Censorship of a specifically chronic nature can never augur well for any entity or organisation at any level. That significantly includes media houses, whether they are print-oriented or within the electronic media categories.
Things have certainly changed from the Baby Boomer era, and as the world recognises World Press Freedom Day, we must acknowledge the vast number of platforms and forums by which the Press gains access to the public to share on topics from current affairs to entertainment, etc. in this 2023.
The Chairman of GCBL and members of Strategic Communications Team of the GCBL shared their insights on the importance of the ‘freedom of the Press’ movement and how they’ve found it to align with or influence topics and matters regarding various Sustainable Development Goals.
Chairman, Dejan Stancer, shared a holistic and in-depth thread of thoughts on the subject. “On behalf of the Global Chamber of Business Leaders, I congratulate all media workers around the world on the occasion of World Press Freedom Day.
For us at the GCBL, protecting and promoting media freedom will always be of greatest priority, as well as raising concern whenever the same will be violated. Protecting and promoting media freedom requires a concerted effort from governments, civil society, media outlets, and individual citizens. It is crucial that we work together in order to enjoy the privilege of having free media.
Unfortunately, media freedom is not always guaranteed, and many countries around the world struggle with censorship, restrictions on Press freedom, and harassment or imprisonment of journalists. Protecting and promoting media freedom is crucial for ensuring a free and open society.
Ensuring Legal Protection
Governments should enact laws that protect press freedom and ensure that journalists are not prosecuted for doing their jobs. These laws should also safeguard the confidentiality of journalists’ sources and protect them from harassment, intimidation, or physical harm.
Therefore, media outlets should operate independently from political influence or commercial interests. Journalists should be free to report on issues of public interest and express their opinions without fear of retaliation. Governments should also refrain from using public funds or advertising to influence media coverage.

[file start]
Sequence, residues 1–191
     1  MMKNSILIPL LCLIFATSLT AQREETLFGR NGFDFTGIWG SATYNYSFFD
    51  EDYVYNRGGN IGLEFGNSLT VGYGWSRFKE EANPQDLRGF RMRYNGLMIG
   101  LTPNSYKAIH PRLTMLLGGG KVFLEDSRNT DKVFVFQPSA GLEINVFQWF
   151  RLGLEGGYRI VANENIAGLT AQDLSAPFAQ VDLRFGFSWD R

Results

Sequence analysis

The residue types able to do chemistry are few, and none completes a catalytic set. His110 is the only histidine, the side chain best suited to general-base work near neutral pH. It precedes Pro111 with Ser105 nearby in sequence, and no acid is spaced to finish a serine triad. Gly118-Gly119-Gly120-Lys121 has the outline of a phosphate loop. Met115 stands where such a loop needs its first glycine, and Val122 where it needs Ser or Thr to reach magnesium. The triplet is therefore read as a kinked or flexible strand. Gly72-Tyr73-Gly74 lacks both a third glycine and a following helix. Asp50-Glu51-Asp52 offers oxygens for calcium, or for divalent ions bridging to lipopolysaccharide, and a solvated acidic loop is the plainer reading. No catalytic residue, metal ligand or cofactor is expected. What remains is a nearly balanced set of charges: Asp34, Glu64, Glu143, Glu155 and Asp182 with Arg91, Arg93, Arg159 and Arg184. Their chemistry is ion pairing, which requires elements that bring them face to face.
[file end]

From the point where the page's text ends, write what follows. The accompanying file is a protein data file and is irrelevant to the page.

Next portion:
It is also crucial to increase transparency and to demand that governments should be transparent in their dealings with the media and provide access to information that is in the public interest. This includes providing timely and accurate information, allowing journalists to cover public events and meetings, and facilitating access to public records.
Citizens should also be educated about the importance of media freedom and how to distinguish between credible and fake news. Media literacy programs should be integrated into school curriculums to promote critical thinking and enhance public awareness of media ethics. Promoting media literacy is of vital need.
We have to support international efforts as well. International organizations, such as the United Nations, should continue to promote media freedom and hold governments accountable for their actions that undermine Press freedom. Countries should also co-operate with one another to promote the free flow of information across borders.
At the end of the day, by addressing media freedom through these strategies, we can protect the vital role of the media in our societies and ensure that citizens have access to reliable information to make informed decisions.”
GCBL Director For Communications, Nicole S. Farrell, opined, “It serves no purpose for the Press to be muzzled. To some extent, they are supposed to be the ‘voice of the people’ or at the very least, disseminate information responsibly; encourage thought-provoking conversations and discussions; share content that bears purpose. However, they should bear the burden of being responsible in their reporting and being held accountable by cross-sections of the public.